"How much potential firewood is in those piles?" is a question that needs to be answered. If that percentage exceeds fifty, would it not be in everyone's interest to pay for firewood salvage by charging locals a fair price to have access to, what now must be, decently dry wood for woodstoves? Surely our collective thinking-caps can solve this community problem. A burn that does not utilize the heat and wastes that wood must be considered out-of-the-question.
Millions of tourists a year and Blanchette is worried about a few trucks ??
Agree with councillor McMaster, a precedent will obviously be set. What will be the argument used to refuse others, that does not seem arbitrary and hence political. Also removing the large woody debris is only a start. In addition, every time construction of a road or structure begins, large amounts of organics, the often two foot deep mat, also needs to be removed, to excavate to mineral ground. What do these developers expect to do with that. Trucking of this material is the only option. These developers here are looking for the cheap way out.The reported argument of councillor Anderson sickens me. Looking for amenities to offset the health, safety and right of the public to clean air. What further evidence do we need that council's obsession with amenities has "clouded" their thinking and corrupted the decision making process.There is only one wind direction that will not affect developed areas, once the fires are set, and that is North North east. Statistically the most infrequent wind we get. Expect large amounts of the town center and residential areas to receive ash.A generation ago, many in this town, fought hard to eliminate slash burning by the logging companies as a noxious, unsavoury and unhealthy practise. Shame on Councillor Blanchette, the karmic carbon bean counter. He seems to have missed the point or should I say, can't see the forest for the trees. I am all in favour of affordable housing and cooperating with developers to get something going, but nobody in there right mind wants to see this burn, nobody should be allowed to spew these contaminants into the air in an urban environment, nor will this be the kind of tourist attraction that benefits the town. Yes, when the stuff is buried it will break down, but we won't be breathing carcinogenic particlulates. Get your minds right boys.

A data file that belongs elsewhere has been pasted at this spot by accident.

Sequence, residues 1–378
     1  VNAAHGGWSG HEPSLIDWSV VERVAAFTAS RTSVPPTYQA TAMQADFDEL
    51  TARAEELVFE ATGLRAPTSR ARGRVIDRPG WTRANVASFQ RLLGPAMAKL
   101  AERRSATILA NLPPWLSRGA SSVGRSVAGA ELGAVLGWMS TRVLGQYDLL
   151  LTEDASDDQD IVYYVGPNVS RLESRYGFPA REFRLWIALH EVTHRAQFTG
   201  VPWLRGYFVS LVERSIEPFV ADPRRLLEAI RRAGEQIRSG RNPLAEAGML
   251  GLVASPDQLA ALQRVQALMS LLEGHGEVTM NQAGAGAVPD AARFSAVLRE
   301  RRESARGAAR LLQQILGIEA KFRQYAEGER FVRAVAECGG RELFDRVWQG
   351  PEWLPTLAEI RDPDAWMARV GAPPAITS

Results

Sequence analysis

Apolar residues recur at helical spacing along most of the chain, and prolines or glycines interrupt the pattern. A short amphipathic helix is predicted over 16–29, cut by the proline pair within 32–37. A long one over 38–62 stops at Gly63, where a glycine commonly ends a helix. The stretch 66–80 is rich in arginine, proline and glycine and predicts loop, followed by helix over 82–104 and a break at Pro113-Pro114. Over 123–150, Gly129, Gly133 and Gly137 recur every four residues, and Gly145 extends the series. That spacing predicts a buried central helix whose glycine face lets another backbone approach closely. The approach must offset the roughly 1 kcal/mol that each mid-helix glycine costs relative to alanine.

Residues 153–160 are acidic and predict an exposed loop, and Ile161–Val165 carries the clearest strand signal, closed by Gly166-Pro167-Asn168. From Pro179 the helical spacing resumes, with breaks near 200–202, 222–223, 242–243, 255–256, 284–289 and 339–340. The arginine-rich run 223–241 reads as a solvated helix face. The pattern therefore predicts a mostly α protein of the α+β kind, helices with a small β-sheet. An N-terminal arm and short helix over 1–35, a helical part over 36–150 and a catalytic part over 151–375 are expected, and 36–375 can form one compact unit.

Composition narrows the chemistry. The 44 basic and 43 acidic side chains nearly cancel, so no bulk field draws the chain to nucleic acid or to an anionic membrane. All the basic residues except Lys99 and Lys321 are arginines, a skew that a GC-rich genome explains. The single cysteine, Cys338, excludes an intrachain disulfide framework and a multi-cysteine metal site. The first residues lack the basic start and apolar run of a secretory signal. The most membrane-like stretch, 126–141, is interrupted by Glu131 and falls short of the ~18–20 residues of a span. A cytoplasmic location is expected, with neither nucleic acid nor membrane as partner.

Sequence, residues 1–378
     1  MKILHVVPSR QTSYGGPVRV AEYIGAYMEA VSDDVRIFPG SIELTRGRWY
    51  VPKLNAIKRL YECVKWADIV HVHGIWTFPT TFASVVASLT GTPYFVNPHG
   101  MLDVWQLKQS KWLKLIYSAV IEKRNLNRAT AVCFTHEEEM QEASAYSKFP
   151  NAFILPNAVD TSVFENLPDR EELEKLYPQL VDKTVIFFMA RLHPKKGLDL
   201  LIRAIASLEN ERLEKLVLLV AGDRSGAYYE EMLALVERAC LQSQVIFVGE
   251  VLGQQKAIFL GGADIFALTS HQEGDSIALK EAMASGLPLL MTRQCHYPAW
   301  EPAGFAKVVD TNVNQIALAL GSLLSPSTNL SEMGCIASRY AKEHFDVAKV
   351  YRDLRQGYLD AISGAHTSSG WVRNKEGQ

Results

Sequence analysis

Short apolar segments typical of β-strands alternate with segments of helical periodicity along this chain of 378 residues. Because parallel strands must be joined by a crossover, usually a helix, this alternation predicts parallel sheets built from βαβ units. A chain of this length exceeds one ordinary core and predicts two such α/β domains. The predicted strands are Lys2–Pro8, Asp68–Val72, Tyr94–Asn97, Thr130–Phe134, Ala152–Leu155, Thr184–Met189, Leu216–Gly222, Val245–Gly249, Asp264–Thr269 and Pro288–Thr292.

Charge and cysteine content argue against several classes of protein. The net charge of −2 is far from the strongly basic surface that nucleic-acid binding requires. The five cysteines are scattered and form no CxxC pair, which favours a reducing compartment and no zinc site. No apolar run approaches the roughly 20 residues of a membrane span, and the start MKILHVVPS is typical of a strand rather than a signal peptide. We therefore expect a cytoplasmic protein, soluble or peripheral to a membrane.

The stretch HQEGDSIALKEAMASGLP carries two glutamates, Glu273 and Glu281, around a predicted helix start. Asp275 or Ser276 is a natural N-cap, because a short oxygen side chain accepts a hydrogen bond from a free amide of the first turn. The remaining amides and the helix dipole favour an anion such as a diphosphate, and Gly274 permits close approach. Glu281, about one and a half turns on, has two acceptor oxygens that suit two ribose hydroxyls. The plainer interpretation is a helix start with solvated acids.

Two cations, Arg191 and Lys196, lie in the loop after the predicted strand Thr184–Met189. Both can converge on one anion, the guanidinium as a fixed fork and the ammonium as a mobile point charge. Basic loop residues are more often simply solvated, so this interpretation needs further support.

Could be ground up on site and piled up for composting. Pile the chips on the last lots planned to be developedEveryone knows this town needs topsoil and people regularly buy it.As for the firewood idea that is what it all should have been turned into before being dragged through mud and piled in burn piles. The resulting burn piles would have been tiny in comparison.
I would like to believe this is something that the "Community Sustainability" department of the District of Tofino is there to provide a solution to. Community sustainability needs to consider climate sustainability, not tourism sustainability.
How about community sustainability consider the health of the people living here. Not 40 years from now, but right now....BAN THE BURNCommunity sustainability should also consider a ban on council meetings while we are at it, until they get the sewer system built. Too much unfiltered excrement being spewed about.
Lol, there's like 500 daily fire pits in campgrounds burning nightly promoted by tourism tofino. You can't walk 10 meter without witnessing a leftover bonfire on any beaches, give me a break.
The owners should have put a sign up reading "Free Firewood". If this had been done at the beginning of the summer tourist season they would have gotten rid of a pile of wood.I see the tourists buying bundles of fire wood at the Tofino Co-op all summer long.Maybe one of the local organizations could have a work bee, saw up the logs and package it for next summer's tourist season = they'd make a mint. There are still a lot of locals that burn wood all winter long in their auxilary stoves or fireplaces - they may be interested in free firewood too.
Someone, one of us(?), is going to need to take the lead on this. #1. Approach the land 'owners' or District in relation to liability issues. #2 Determine if there is enough fire wood to proceed with the idea of dismantling the piles. #3. Find the person and the machine(s) who could do the job... paid or volunteer #4. Community event chainsawing, splitting and stacking wood for purchase...(CBT Neighborhood Small Grant?). Whom of us is a leader? We need you NOW!
Good thinking 8:57. Care to take the Lead? Shall we organize a 'meet 'n greet' on the property to take a good look at those piles? Maybe our local tree-falling expert could join us.
Firewood for local woodstoves or beach fires, YES. Mulch, ABSOLUTELY! Yes please! I'll take some of both, as much as I can. Burning a swath of land to make it less expensive for developers, HELL NO!!! It's shocking to me that DoT staff brought this to council with their recommendation that it go forward. This massive burn would be in no way "sustainable".
What I don't like about this conversation between developer and council is the apparent desire on the part of the town and council to get involved with the developers issues. Council needs to stay out of this end of the business. Just ban the burn... The developer has tied himself to a course of action and a particular contractor and limited his options and choices and now wants the town to pay it forward.... Anyone could see that the cost of trucking out wood debris would be off set by the trucking in of gravel on the back haul. Crush gravel for back fill of construction sites and road base for road development.....by deciding to clear the whole site, ahead of developing it, the developer has caused his own costs to escalate and double the amount of trucking use of the highway. This is their issue. Let them figure it out.
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